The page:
Tuesday, October 24, 2017

Business Recorder editorial Oct 24, 2017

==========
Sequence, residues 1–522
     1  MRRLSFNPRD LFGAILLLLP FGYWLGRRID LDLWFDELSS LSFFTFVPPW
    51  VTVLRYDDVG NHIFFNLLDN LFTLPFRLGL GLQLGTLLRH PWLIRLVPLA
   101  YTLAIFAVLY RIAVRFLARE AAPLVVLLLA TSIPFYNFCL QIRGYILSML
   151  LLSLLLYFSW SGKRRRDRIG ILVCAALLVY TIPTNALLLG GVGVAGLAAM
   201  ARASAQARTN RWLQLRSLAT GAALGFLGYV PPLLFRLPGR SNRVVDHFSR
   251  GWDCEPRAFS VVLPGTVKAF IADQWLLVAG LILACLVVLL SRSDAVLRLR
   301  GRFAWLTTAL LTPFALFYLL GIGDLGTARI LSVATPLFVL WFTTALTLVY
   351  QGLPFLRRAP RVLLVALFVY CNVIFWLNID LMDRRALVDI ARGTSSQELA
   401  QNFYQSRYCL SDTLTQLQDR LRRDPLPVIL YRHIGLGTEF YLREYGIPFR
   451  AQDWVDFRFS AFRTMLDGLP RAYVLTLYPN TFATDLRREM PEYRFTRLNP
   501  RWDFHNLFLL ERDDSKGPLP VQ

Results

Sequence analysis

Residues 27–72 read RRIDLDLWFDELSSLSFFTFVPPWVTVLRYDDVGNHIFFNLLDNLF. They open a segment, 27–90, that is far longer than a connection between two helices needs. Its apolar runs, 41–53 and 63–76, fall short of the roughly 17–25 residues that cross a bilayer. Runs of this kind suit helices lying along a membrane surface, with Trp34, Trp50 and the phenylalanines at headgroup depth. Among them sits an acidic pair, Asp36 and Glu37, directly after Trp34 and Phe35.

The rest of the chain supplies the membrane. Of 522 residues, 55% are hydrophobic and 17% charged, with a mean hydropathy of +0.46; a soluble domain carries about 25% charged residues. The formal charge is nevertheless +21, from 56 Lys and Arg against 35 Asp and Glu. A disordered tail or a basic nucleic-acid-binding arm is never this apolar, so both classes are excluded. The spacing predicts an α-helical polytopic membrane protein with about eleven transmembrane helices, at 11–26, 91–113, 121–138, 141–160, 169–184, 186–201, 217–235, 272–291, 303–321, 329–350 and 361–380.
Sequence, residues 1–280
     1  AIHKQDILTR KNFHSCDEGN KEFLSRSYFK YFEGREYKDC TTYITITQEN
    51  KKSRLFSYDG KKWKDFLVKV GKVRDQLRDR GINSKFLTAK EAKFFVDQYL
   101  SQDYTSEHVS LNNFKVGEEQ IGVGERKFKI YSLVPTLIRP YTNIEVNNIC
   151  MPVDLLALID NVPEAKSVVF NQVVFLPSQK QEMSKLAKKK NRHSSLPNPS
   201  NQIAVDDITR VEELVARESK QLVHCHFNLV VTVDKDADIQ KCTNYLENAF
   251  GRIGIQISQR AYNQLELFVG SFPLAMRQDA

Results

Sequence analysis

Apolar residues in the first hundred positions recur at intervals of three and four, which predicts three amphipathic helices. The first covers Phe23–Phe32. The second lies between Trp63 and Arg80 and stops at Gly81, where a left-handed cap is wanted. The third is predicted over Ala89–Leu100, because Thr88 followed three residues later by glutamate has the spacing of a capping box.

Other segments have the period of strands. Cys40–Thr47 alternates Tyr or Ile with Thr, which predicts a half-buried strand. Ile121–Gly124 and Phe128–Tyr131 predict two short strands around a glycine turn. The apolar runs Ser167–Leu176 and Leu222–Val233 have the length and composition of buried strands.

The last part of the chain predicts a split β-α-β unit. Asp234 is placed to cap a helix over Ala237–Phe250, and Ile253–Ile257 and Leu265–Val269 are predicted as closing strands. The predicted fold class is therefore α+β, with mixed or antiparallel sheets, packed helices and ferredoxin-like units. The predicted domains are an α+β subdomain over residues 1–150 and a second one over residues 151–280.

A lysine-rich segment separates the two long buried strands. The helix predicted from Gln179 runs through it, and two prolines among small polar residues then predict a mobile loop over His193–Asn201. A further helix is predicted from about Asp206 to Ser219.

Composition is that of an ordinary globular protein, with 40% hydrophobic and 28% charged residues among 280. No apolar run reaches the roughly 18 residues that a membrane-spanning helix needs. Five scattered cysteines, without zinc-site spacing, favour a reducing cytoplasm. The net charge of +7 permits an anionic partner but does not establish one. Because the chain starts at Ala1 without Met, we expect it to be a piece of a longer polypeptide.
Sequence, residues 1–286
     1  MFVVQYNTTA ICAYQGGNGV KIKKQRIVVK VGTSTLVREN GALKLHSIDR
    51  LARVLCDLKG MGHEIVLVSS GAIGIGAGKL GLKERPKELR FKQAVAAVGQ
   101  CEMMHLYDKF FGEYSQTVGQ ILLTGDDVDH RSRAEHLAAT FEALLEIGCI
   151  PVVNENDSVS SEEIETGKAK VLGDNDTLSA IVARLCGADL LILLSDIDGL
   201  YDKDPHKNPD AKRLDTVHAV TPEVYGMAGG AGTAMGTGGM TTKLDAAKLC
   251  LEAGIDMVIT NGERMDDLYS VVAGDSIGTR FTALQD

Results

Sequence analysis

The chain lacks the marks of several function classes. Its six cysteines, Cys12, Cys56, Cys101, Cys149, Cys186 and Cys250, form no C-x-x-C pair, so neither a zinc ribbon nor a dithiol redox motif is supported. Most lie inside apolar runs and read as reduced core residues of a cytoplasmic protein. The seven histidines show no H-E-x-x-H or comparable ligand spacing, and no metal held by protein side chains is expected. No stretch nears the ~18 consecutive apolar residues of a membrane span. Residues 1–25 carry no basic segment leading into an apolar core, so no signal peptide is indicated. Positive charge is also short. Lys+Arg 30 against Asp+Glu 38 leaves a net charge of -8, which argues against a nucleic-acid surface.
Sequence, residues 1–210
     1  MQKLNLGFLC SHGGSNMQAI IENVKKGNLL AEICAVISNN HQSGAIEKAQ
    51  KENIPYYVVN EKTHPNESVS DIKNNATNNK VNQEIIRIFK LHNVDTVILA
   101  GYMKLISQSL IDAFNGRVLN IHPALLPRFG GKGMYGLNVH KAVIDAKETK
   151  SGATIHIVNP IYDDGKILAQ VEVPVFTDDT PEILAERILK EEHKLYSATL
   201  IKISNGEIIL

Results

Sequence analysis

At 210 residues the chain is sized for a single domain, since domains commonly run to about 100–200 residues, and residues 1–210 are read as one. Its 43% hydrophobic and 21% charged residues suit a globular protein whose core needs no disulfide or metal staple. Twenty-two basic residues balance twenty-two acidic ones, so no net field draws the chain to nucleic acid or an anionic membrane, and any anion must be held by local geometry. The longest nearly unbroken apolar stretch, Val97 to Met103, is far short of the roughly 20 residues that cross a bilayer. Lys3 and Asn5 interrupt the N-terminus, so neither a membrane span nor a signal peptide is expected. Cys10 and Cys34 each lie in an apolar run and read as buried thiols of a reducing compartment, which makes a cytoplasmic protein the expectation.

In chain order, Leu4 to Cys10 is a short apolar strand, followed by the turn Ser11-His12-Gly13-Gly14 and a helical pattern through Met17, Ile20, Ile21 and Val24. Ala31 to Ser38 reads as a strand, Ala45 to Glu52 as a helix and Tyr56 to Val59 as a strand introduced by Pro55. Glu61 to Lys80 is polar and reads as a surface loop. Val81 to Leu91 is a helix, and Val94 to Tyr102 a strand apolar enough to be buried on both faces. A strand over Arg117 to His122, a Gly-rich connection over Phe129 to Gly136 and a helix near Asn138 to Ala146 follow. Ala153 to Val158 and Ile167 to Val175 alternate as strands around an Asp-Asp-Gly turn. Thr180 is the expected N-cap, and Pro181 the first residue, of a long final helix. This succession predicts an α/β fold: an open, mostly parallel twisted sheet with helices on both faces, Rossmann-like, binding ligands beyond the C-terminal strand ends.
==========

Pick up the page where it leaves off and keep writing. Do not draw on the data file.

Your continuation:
Imran’s agitation threat Imran Khan has threatened to bring people out in protest on the streets if what he calls a new National Reconciliation Ordinance (NRO) is struck in the Hudaibya Paper Mills case. Referring to past such exercises, Imran Khan argued that former ruler Pervez Musharraf had no right to promulgate NROs with Nawaz Sharif or Asif Ali Zardari. The reference is to the decision to allow Nawaz Sharif to go into exile in Saudi Arabia although he had been sentenced to life imprisonment in the airplane hijacking case that triggered the 1999 military coup. In Zardari’s case, the reference is to his release from prison in 2004 despite cases of corruption pending against him. As an update, some of those cases, in which Zardari was finally acquitted for lack of clinching evidence may be about to be reopened. Pakistan is theoretically a sovereign state. But a state that is critically dependent on aid from external sources cannot be considered truly sovereign. Our history is replete with examples of how external pressures forced the state to take decisions that could not stand scrutiny on the touchstone of the law and constitution. The decision to allow Nawaz Sharif to go into exile was informed by Saudi intervention on the overthrown prime minister’s behalf. It was an intervention difficult to shrug off since Saudi largesse has in the past, and to date, bailed out Pakistan many times. Hence General Musharraf was left with little room for manoeuvre when the Saudis called in their myriad favours over the years. In the case of Asif Zardari, his release was part of the indirect dialogue with Benazir Bhutto in self-exile, backed by the US and UK, again an external factor that could not easily be ignored. That dialogue finally produced the NRO and allowed her to return to the country in 2007. The tragedy of course is that she was assassinated soon after. Taking these two examples to buttress his argument, Imran Khan’s threat may reflect an appreciation of the developments in the Sharif camp, with federal minister Riaz Piracha openly calling for Shahbaz Sharif to take over the reins of the PML-N. Since the Hudaibya case is the only one in which Shahbaz is also implicated, Imran’s logic is apparent. To be noted is the detour Nawaz Sharif made to Saudi Arabia on his way home from London. Clearly, he seeks Saudi help again in the midst of the difficulties he is grappling with in the National Accountability Bureau (NAB) cases against him and his family, coming as they do in the wake of his disqualification by the Supreme Court. His long standing close relations with the Saudi royal family may have been dented somewhat by Pakistan’s refusal of the Saudi request to send our troops to Yemen. But there is no reason to assume that those relations have suffered a permanent disability. Whether however, Saudi Arabia’s considerable leverage wit Pakistan notwithstanding, the Saudis can in some form or the other bail out Nawaz Sharif now seems difficult. That is not to say it is impossible, since Pakistan has a long track record of succumbing to blandishments and pressure from friends like the Saudis. Be that as it may, if the powers that be are at all considering some compromise formula to defuse the present political crisis, it would be politic to take Imran Khan and all the other political parties into confidence. This would help explain the considerations that may be driving such a contemplated compromise, chief amongst which is the economy, under considerable pressure from the twin external and budgetary deficits. This consideration in fact may also impinge on the manner in which we deal with the Trump administration, with Secretary of State Tillerson’s visit providing the occasion to sort out mutual misunderstandings and complaints. The US may or may not be liked by us, but its considerable clout in the Bretton Woods and other multilateral financial institutions compels us to address Washington’s complaints seriously. Not to do so may invite problems if we need to return to the IMF and other international financial institutions such as the World Bank and Asian Development Bank to support Pakistan’s external account and foreign exchange reserves difficulties.

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